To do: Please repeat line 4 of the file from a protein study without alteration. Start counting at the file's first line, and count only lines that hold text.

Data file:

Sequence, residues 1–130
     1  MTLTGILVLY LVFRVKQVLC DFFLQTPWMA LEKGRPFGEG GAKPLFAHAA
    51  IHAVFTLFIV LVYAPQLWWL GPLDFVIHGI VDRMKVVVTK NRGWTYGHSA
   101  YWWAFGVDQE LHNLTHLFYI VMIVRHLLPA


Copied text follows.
   101  YWWAFGVDQE LHNLTHLFYI VMIVRHLLPA